Alexandra must discover the truth before more people are killed.
When I first thought of writing The Dragon Sleeps and needed a grand house for the Thornton’s family home, Werribee Park and mansion in Victoria came to mind. I’d first visited it years earlier and always intended to include a house like it into a story.
I thought you might like to read something about the house behind my Thornton Park.
Werribee Park is approximately 10 hectares of manicured gardens and native woodland. There is Werribee Mansion, which is next to the Victorian State Rose Garden, and also Werribee Open Range Zoo.
Many people think that Australia’s history is not as rich as England’s or Europe‘s and that we don’t have grand houses and gardens. They haven’t seen Werribee Park.
Scottish brothers Thomas and Andrew Chirnside, built the Italianate styled mansion over three years, from 1874 to 1877. They had made their fortune in Australia’s developing agricultural industry, so had the wealth to construct such an elaborate residence.
It’s intriguing to note that there was a romantic triangle here. Some years earlier, Thomas had proposed marriage to Andrew’s wife Mary, who was also their first cousin. The mansion was built by the brothers for Mary, who held both their hearts.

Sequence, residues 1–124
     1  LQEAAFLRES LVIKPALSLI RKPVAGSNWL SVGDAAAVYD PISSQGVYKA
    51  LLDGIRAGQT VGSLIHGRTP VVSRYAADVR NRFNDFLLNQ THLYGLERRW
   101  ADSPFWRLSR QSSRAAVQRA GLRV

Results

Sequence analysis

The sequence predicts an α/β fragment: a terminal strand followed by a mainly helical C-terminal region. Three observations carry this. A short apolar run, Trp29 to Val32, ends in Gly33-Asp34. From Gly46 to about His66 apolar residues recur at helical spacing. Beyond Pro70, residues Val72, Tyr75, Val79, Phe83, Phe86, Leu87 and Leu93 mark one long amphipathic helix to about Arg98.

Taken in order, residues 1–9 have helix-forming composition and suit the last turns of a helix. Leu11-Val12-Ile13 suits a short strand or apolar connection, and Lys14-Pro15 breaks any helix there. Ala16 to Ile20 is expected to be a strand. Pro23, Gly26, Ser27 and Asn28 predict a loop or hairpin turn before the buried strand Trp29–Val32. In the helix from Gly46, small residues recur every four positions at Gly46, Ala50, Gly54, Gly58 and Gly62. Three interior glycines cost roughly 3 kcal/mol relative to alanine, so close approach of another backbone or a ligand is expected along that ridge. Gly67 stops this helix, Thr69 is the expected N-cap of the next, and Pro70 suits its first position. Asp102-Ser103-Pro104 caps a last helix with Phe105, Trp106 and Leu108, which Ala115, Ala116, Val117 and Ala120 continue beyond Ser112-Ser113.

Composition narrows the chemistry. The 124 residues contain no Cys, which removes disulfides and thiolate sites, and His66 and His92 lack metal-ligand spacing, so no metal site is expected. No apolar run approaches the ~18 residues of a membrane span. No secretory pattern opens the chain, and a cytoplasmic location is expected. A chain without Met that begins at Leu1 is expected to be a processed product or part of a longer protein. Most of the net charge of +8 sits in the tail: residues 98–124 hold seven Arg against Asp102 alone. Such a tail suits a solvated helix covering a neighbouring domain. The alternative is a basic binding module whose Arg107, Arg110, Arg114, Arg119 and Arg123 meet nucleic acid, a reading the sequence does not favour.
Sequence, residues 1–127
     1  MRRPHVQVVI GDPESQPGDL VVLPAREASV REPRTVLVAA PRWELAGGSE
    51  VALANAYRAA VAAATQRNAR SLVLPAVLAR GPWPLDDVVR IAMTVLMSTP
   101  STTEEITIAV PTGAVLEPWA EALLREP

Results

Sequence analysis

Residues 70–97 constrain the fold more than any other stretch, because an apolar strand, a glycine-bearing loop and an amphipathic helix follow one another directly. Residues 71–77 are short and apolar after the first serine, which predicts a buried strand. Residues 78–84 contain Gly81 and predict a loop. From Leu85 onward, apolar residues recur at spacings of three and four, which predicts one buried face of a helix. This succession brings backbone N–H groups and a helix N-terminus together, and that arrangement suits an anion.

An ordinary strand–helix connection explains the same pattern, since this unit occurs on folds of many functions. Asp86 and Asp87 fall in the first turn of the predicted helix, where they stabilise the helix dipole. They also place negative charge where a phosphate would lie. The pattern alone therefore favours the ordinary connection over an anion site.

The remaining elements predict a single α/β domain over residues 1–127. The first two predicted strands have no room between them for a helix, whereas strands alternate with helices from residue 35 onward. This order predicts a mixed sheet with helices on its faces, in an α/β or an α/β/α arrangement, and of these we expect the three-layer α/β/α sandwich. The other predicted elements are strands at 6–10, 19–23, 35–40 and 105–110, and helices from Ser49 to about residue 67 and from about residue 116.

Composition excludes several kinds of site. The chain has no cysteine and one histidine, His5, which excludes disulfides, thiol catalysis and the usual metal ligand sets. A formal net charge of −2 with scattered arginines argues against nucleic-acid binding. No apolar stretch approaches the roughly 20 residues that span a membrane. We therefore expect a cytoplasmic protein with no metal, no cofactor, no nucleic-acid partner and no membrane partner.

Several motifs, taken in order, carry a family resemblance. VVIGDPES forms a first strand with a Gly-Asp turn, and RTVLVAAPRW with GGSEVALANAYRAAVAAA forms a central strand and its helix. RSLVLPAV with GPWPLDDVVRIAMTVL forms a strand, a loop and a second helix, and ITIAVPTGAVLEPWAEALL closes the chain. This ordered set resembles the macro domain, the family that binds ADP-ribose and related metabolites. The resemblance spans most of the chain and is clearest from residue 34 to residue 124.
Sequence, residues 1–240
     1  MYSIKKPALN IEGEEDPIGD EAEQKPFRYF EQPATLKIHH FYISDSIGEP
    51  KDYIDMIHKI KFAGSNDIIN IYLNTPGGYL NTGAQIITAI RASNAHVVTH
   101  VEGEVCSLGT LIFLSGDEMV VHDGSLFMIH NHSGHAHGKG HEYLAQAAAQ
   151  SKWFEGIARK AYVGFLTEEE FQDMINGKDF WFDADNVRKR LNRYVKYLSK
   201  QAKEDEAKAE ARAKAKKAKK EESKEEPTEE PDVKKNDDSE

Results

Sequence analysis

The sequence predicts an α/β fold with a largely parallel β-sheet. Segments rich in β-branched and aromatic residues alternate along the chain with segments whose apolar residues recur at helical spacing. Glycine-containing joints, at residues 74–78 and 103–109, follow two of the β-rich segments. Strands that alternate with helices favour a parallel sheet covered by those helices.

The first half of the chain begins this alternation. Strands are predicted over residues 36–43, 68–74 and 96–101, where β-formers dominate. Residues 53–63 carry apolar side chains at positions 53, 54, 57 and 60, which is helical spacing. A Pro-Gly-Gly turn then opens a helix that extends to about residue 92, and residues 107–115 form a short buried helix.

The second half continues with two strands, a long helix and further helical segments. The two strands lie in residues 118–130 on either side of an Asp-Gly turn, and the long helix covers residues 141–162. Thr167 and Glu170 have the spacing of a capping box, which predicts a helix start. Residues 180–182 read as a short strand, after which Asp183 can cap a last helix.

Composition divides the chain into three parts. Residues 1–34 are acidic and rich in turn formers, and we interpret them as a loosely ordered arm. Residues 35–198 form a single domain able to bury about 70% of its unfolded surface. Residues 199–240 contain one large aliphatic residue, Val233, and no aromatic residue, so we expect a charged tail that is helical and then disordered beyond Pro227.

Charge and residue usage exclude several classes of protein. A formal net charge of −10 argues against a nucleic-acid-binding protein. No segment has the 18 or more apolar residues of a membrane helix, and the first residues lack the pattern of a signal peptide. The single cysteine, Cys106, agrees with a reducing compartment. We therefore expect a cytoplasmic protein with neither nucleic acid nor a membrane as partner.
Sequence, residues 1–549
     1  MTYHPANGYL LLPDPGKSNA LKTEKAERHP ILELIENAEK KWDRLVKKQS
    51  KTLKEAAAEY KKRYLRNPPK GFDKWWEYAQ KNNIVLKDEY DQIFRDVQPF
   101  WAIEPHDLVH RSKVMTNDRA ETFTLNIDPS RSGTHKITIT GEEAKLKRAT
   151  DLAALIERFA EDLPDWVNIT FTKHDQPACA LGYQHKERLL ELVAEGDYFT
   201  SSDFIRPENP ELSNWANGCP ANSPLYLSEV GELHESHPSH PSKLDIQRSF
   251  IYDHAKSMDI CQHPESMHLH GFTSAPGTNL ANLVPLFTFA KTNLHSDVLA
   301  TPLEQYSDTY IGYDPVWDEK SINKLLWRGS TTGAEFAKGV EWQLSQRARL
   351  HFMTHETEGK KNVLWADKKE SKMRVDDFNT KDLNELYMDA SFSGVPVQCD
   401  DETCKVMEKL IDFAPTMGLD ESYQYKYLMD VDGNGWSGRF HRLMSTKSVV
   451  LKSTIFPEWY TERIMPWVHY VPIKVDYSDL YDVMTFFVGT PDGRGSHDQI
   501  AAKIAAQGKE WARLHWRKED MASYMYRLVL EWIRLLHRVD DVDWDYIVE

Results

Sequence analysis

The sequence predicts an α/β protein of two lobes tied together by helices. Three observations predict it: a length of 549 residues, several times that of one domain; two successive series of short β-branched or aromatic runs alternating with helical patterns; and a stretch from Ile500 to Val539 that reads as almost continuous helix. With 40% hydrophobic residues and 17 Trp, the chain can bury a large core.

It is sad that Thomas committed suicide in 1887 from depression. Andrew died in 1890. Werribee Park was left to Andrew and Mary’s children, with Mary residing in it for the remainder of her life.
In 1923 the property was sold to the Roman Catholic Bishops of Australia, where it became a seminary, a place of reflection and spiritual development, named Corpus Christi College.
Today, the mansion is open to the public. It also has an adjoining hotel and spa. Visitors can experience the grandeur of Werribee Mansion, discover Victoria’s unique pastoral history down at the farm and homestead, or have a picnic on the Great lawn surrounded by stunning formal gardens.
When writing a book set in the 1920s, the first thing you realise is there is a lot of research to do. The Dragon Sleeps is a murder mystery. The family home, Thornton Park, is a lavish mansion. There are servants and a definite upstairs downstairs scenario. Fashions, music and cars aside, I found the need to research food. What would the family eat in 1927? What did the servants eat?